In Berlin, motorists are in traffic for the longest time | TIME ONLINE

Traffic jams and dense traffic are commonplace on the streets in Germany's cities, and traffic data provider Inrix has examined how long in its 2018 Global Traffic Scorecard study motorist wait in the various places: The longest time – an average of 154 hours, more than six full days – were drivers in the past year in Berlin in a traffic jam.

The cities of Munich follow the capital city of Berlin with 140 hours and Hamburg with 139 hours, the drivers would have spent in the annual average in congestion or in slow-moving traffic. Also in Stuttgart, Leipzig, Nuremberg, Frankfurt am Main, Cologne, Dusseldorf and Bremen lie the annual load between 108 and 96 hours.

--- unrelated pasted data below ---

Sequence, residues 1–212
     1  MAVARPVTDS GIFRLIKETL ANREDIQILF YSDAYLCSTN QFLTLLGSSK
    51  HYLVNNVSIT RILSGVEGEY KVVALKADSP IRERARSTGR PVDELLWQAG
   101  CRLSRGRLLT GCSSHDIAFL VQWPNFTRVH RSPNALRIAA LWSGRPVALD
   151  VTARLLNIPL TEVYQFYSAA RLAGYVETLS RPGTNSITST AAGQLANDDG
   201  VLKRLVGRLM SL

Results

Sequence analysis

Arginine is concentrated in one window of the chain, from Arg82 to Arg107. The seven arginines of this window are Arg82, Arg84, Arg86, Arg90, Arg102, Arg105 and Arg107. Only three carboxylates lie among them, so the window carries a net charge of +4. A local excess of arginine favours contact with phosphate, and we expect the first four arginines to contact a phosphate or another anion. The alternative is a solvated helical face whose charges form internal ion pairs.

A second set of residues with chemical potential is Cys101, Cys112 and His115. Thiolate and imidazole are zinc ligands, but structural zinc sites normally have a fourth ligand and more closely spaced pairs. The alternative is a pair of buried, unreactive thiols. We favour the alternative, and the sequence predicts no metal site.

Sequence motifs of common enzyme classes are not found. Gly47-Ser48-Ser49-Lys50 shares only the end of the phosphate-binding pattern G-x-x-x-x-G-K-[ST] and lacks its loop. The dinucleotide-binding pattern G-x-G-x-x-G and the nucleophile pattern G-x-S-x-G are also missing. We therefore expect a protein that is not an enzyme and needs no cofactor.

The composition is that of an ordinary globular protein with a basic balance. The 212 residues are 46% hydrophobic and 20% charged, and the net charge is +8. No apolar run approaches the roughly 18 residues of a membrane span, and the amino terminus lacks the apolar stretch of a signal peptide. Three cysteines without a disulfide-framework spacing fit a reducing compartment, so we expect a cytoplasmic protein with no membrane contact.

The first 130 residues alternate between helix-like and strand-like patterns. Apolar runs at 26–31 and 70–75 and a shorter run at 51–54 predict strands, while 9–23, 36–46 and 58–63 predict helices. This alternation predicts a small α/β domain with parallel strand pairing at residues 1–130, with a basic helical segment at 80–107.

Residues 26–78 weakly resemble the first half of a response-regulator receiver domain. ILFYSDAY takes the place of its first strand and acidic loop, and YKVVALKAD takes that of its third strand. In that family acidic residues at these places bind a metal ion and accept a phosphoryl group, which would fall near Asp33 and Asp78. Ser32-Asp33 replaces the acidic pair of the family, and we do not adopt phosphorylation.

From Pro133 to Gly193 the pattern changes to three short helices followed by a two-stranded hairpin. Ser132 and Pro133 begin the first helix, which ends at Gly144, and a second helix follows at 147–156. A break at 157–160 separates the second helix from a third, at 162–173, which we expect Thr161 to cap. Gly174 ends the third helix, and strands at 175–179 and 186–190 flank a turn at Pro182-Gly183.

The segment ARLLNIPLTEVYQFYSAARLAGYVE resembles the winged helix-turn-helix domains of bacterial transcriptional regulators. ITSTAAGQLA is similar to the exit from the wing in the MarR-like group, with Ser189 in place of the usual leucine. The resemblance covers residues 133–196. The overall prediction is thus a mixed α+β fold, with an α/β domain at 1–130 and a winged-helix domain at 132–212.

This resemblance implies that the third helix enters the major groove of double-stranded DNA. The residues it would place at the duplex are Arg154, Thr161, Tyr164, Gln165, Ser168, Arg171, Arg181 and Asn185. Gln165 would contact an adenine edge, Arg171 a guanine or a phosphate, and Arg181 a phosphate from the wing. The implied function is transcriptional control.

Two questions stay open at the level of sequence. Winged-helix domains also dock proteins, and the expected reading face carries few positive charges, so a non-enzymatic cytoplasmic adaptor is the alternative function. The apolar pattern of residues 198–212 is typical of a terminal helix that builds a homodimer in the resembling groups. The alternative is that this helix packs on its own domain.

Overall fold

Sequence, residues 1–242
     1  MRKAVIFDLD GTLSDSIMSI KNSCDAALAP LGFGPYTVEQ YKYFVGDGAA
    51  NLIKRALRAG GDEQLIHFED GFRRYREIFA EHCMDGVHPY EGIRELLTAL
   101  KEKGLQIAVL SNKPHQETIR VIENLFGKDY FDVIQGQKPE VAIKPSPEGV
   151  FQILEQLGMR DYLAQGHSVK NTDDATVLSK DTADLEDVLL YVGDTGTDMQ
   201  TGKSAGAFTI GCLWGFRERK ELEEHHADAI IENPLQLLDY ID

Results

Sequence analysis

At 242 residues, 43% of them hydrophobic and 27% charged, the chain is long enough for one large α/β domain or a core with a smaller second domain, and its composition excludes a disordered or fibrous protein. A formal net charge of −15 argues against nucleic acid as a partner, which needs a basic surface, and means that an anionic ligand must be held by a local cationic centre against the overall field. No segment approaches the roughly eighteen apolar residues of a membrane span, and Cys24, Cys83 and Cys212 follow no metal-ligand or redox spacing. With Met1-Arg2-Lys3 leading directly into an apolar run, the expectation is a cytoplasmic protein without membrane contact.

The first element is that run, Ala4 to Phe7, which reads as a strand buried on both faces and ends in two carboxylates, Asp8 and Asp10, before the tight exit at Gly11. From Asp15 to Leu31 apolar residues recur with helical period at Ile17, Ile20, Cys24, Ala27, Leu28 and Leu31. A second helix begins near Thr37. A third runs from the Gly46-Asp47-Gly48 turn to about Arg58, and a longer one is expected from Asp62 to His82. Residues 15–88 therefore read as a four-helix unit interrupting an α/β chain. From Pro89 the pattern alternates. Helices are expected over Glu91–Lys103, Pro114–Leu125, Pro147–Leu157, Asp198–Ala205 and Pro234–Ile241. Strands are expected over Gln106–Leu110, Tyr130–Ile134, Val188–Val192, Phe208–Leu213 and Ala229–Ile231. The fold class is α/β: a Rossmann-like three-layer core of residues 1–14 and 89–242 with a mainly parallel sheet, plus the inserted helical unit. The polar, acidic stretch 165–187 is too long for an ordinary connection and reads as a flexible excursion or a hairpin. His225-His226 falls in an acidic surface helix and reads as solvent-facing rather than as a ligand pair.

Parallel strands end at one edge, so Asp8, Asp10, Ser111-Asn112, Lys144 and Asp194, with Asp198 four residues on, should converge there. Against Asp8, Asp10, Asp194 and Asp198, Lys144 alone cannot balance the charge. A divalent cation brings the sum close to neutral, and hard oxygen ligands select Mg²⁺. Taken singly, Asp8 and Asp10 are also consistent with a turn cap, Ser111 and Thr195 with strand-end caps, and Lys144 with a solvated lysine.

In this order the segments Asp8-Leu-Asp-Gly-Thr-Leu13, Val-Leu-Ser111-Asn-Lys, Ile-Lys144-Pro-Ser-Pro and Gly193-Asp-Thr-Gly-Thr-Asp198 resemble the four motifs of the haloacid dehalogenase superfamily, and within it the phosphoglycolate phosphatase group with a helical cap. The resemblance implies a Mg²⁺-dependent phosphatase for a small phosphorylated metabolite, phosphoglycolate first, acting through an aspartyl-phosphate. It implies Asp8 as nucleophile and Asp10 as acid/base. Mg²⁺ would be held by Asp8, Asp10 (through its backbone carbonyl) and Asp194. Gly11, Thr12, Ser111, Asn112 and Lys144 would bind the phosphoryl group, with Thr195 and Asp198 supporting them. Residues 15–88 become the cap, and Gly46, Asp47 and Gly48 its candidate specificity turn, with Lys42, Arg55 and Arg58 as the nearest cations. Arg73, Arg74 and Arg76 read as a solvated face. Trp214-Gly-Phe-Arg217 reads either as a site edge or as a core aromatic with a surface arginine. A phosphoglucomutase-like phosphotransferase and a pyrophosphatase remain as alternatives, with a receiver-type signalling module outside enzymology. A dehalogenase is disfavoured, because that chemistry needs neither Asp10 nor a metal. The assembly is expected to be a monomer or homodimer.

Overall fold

The data evaluated for the survey, according to Inrix, come from automakers and traffic authorities. The average journey time with the fastest possible connection is compared in more than 200 cities worldwide. Unlike in the previous year, 2018 saw for the first time not only the time in a traffic jam, but also in heavy traffic. For this reason, the average time loss has risen sharply compared to 2017. Calculated on a comparable basis, the burden had fallen.

In Paris, London or Moscow, congestion costs more than 200 hours

In international comparison, the traffic situation in German cities is relatively relaxed: in Rome, Paris, London or Moscow, drivers stuck more than 200 hours on the streets each year. According to the study, Colombia's capital Bogotá is the world's most congested city – with 272 hours of lost time in the city road traffic,

There are other investigations on the traffic jams on highways, for example from the ADAC: In Germany, this burden is highest in North Rhine-Westphalia, the most populous federal state.


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